Intel’s Intellec 8 was a development system filled with all of the boards needed to make a working computer. EPROMs contained the tool’s code, but to boot it one had initiate an interrupt with the clocks frozen, and then manually jam a JMP 0x0100 instruction into the front panel switches. 40+ years later, after having done this hundreds or thousands of times, I still remember that a JMP was 0x44.
The Intellec wasn’t a JTAG, BDM, or even ICE debugger. The motherboard had about a dozen connectors that carried all CPU bus signals around. We designed a board that plugged into one of these slots, which connected to a similar board plugged into the bus of our system. To develop code we’d pull the CPU board out of our system and use the Intellec as a replacement. A model 33 TTY was the console, and a crude debugger let us set breakpoints and the like. It took three days to reassemble the program, so we’d patch machine instructions into the code to fix bugs.
The 8008 had a seven level deep hardware stack. Push or call too much and the next pop or return would give unexpected results. Stack overflows that caused the code to return to random places were common and frustratingly hard to troubleshoot.
Today we marvel that a 32-bit MCU with plenty of memory and I/O can be had for a half buck or less, so the 8008 seems like laughable technology at astronomical prices. But it, and its predecessor the 4004, ushered in the world of embedded systems.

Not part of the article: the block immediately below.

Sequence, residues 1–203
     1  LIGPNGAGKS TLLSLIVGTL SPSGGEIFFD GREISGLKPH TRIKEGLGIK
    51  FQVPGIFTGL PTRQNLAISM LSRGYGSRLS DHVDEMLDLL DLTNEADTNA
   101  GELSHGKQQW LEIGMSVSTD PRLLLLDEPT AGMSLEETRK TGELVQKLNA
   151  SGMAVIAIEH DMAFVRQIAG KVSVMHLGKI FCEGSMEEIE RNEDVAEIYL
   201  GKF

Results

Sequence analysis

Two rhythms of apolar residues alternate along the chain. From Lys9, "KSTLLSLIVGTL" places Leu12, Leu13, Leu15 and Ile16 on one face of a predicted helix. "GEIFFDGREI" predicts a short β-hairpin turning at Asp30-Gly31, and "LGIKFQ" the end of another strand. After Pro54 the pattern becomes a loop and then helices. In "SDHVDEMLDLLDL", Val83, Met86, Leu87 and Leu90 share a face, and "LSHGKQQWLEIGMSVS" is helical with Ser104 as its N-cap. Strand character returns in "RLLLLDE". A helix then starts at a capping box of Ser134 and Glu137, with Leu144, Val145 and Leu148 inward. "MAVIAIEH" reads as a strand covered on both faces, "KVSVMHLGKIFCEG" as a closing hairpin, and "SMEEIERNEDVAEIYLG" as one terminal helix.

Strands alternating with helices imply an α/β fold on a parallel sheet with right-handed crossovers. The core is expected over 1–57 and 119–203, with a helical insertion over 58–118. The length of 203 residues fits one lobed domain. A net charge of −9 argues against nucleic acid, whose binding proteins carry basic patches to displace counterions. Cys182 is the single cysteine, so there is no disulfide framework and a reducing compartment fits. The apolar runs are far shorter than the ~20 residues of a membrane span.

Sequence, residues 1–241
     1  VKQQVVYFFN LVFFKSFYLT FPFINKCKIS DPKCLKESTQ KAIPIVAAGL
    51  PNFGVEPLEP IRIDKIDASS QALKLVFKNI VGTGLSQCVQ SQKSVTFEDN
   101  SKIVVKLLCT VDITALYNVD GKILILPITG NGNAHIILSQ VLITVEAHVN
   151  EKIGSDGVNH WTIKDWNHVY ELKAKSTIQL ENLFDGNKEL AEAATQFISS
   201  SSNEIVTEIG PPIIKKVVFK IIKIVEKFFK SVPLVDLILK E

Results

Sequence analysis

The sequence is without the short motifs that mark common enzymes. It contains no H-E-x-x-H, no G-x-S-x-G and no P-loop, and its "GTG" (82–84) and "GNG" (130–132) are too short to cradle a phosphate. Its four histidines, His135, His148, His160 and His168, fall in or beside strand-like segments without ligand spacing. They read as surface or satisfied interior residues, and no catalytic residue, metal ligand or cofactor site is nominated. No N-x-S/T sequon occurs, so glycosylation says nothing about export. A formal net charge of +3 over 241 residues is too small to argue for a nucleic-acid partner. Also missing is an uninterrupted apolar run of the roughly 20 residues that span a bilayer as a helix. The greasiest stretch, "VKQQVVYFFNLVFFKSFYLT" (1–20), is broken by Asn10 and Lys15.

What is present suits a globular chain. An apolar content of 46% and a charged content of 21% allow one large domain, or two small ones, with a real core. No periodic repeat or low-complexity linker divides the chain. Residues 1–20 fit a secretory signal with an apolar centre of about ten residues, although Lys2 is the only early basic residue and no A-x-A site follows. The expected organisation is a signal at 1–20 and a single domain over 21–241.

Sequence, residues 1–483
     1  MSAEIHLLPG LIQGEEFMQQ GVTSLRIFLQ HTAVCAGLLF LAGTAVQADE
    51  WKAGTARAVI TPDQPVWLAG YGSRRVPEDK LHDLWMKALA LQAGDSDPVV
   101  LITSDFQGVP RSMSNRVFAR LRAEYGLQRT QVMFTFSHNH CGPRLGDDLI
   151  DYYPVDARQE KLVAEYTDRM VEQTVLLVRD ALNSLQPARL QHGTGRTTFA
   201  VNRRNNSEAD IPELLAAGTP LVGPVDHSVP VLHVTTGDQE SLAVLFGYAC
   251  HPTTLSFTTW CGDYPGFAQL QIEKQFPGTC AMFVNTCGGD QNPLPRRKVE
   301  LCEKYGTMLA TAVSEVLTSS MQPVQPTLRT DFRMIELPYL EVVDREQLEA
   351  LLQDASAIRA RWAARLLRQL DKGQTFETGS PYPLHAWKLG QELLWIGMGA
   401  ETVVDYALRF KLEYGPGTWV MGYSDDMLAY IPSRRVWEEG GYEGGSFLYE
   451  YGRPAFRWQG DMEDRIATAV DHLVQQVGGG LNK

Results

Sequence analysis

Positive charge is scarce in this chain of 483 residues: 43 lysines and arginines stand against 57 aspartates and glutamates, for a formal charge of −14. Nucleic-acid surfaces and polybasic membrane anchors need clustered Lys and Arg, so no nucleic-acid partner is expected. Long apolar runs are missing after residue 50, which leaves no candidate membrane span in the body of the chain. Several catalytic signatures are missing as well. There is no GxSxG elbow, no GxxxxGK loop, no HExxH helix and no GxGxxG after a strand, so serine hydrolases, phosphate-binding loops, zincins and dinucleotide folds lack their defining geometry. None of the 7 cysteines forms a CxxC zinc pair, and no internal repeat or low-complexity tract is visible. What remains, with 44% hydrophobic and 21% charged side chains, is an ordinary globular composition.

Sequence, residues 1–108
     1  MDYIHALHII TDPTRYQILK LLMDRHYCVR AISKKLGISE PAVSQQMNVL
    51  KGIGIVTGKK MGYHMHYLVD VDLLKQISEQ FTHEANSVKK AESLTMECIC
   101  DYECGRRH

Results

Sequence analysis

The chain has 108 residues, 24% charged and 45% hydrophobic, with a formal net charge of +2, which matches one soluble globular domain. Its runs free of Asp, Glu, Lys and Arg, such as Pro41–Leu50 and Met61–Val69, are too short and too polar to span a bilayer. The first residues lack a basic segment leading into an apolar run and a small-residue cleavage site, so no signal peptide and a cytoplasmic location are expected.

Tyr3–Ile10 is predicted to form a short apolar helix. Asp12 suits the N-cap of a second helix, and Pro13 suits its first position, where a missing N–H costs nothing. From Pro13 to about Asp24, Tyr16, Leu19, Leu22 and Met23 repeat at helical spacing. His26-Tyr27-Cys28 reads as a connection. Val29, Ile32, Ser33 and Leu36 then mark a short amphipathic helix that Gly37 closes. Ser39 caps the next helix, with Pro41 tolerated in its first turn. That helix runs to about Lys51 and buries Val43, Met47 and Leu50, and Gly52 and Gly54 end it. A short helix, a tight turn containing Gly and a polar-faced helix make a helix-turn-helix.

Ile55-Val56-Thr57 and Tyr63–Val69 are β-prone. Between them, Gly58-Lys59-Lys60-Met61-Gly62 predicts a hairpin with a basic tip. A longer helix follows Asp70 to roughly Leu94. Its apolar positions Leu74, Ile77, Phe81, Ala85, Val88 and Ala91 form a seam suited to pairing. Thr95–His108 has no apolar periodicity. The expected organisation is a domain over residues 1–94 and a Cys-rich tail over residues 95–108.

What will the next 44 years look like? The answer is unknowable. Moore’s Law looks likely to survive for quite some time. The aforementioned V-NAND technology, Xilinix’s 2.5 D approach, and other ideas may help Moore scale to more than two dimensions.
I suspect the future will be a world of technology that would leave us breathless. It’s likely that the technology will exceed our ability to grapple with associated cultural and moral issues; the ensuing decades could be full of fascinating debates about balancing the human and mechanical world. Or not; we may careen into the future with blinders on.
Like H.G Well’s Time Traveler, given the choice to catch a glimpse of the future vs the past, I’d happily chose the former.
Jack G. Ganssle is a lecturer and consultant on embedded developmentissues. He conducts seminars on embedded systems and helps companieswith their embedded challenges, and works as an expert witness onembedded issues. Contact him at . His website is.